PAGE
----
Manufacturers tell Government to stand up for Bombardier jobs
The UK Government needs to stand up for Bombardier jobs, manufacturers in Northern Ireland said.
Thousands of Belfast posts hang in the balance if a proposed 300% duty on exports to the US is imposed on the Canadian-owned firm's new C-Series jet.
Airbus has acquired a majority stake in the C Series in an arrangement which could see them avoid tariffs.
Stephen Kelly, chief executive of Manufacturing NI, said thousands of posts may be at risk.
"The UK needs to stand up for all those jobs, whether they are Boeing jobs or Bombardier jobs."
He told the Northern Ireland Affairs Committee of MPs: "Because of Airbus as well, the partnership makes it more important that the UK Government becomes more robust with Boeing as a company."
Production of the C-Series will be extended to the US state of Alabama, which bosses from European firm Airbus and Bombardier believe will mean it avoids import tariffs.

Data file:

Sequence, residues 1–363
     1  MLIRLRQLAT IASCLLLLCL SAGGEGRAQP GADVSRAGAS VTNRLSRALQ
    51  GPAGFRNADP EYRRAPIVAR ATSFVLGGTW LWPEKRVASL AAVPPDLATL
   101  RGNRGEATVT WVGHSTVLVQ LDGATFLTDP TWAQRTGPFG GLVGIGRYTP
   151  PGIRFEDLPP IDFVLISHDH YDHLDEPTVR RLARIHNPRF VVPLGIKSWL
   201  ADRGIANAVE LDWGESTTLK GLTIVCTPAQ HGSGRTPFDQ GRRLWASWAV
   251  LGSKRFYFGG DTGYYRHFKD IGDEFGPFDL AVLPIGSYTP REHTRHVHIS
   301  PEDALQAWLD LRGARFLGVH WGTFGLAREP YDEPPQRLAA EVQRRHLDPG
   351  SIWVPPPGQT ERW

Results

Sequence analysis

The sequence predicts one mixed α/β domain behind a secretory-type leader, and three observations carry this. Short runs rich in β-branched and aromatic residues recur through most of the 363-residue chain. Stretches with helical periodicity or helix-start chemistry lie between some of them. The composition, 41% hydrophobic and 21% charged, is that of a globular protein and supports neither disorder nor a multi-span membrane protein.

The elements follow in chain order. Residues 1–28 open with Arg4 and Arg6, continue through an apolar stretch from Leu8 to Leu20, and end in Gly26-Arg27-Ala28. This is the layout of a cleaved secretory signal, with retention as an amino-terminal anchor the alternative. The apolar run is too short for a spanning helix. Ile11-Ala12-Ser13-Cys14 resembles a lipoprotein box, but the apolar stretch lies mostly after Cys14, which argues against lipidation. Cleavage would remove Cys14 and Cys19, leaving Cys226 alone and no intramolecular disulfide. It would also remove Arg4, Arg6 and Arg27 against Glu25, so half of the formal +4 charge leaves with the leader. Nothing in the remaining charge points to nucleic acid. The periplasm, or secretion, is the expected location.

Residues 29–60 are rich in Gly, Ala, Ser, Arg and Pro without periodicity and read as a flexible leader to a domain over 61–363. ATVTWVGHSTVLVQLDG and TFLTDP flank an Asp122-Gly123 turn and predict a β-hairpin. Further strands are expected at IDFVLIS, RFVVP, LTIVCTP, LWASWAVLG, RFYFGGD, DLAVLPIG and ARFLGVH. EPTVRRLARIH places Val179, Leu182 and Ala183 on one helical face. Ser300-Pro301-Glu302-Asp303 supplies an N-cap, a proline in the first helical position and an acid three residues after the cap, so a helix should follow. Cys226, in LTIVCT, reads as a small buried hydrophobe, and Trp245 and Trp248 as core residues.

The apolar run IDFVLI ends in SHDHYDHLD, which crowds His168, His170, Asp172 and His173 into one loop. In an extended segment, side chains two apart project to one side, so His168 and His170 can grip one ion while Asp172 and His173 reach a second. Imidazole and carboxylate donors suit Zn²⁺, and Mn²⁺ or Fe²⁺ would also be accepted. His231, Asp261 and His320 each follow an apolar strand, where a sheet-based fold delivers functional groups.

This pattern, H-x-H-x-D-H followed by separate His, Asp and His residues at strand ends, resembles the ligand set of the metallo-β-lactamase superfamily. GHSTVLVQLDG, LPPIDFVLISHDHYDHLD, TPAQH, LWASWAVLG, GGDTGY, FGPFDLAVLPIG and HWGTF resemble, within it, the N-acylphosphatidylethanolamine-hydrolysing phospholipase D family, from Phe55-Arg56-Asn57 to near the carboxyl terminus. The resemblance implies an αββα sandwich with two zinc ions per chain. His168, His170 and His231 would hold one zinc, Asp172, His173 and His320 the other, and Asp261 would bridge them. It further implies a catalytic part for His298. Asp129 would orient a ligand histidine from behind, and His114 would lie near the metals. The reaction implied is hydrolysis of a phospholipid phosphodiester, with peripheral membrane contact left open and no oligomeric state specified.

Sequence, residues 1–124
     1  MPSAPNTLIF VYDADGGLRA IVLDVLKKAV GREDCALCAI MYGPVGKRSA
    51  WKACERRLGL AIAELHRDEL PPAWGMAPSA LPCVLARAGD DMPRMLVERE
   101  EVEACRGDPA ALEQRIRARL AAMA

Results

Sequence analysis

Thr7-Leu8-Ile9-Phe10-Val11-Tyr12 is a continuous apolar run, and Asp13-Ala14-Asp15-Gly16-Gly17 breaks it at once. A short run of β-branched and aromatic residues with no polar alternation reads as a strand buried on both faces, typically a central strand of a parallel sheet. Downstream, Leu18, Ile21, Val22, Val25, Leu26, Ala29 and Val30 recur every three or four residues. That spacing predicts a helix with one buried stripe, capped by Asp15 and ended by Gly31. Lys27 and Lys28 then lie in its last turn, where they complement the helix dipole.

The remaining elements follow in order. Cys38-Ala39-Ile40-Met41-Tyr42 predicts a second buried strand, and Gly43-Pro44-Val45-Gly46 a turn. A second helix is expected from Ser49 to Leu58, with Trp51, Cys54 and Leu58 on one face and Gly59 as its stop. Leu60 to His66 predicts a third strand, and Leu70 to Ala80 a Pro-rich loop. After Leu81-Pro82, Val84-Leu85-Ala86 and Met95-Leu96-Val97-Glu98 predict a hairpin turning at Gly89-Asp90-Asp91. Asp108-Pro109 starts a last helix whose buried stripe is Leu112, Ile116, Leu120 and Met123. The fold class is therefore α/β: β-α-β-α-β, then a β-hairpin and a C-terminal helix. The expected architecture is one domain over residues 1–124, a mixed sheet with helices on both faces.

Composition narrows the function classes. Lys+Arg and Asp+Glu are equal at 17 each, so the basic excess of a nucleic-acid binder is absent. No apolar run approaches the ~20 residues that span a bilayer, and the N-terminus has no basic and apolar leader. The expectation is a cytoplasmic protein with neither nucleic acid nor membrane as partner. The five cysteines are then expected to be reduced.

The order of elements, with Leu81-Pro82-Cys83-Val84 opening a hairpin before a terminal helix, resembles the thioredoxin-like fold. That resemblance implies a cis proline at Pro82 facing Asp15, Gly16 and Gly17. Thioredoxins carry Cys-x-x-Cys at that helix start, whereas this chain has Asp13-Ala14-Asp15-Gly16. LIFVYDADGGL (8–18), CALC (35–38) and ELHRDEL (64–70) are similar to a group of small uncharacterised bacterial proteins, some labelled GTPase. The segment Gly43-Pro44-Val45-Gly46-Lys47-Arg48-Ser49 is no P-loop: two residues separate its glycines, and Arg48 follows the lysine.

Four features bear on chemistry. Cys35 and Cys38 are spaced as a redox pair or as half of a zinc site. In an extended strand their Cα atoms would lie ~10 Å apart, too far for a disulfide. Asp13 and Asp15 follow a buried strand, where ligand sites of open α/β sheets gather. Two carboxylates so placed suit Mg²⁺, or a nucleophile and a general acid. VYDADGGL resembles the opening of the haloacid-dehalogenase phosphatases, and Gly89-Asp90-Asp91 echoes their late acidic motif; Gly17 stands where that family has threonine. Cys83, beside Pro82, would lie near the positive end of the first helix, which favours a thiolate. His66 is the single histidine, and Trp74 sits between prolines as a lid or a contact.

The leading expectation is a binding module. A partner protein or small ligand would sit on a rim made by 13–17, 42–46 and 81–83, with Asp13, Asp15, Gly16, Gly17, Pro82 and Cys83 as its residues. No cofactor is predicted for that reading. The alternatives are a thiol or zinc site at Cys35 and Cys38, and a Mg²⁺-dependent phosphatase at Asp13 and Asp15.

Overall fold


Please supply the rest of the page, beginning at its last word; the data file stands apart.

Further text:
Airbus chief executive Tom Enders said planes built in the US would not be subject to duties under the US investigation.
But US aerospace giant Boeing has said it looked like a questionable deal between two heavily state-subsidised competitors to skirt the recent findings of the US government.
Earlier this year the US Department of Commerce announced it would impose an interim tariff of nearly 220% on the jets - with unions warning the move could cost jobs in Belfast.
A second preliminary levy of 80% has been loaded on sales of the Bombardier aircraft.
Announcing the regulator's preliminary finding, US Secretary of Commerce Wilbur Ross said the subsidisation of goods by foreign governments was something that President Donald Trump's administration "takes very seriously".
Bombardier labelled the determination "absurd", while in its response the UK Government said the statement was "disappointing" and pledged to defend British interests "at the very highest levels".